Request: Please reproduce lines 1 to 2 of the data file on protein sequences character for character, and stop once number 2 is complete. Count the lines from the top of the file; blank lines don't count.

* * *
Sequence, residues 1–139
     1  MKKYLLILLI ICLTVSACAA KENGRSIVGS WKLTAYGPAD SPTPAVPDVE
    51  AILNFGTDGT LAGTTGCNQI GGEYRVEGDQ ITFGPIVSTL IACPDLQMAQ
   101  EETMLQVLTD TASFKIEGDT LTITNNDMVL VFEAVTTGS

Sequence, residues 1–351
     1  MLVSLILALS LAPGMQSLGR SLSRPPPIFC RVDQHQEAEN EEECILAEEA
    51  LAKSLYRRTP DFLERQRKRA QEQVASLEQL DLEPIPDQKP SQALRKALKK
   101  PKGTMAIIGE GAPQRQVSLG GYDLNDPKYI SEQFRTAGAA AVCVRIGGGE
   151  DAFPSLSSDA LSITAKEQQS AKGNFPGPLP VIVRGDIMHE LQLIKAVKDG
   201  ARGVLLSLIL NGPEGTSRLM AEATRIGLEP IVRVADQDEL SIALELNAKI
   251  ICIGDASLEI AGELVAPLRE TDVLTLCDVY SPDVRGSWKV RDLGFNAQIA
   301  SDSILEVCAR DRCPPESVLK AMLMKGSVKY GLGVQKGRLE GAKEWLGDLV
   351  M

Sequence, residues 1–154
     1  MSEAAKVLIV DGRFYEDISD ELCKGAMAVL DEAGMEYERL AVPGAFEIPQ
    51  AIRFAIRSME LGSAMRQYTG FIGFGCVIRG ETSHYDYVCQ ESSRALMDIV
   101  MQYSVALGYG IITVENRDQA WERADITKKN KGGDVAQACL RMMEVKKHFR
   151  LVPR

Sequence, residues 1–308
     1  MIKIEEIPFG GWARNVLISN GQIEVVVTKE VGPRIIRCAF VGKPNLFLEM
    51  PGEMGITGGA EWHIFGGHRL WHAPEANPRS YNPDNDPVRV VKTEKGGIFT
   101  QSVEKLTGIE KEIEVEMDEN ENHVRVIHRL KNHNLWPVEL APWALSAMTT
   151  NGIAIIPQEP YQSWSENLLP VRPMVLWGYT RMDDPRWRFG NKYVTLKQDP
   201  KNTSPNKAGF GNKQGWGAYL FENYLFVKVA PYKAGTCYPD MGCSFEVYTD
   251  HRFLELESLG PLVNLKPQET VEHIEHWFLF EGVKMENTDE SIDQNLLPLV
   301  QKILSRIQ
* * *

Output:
Sequence, residues 1–139
     1  MKKYLLILLI ICLTVSACAA KENGRSIVGS WKLTAYGPAD SPTPAVPDVE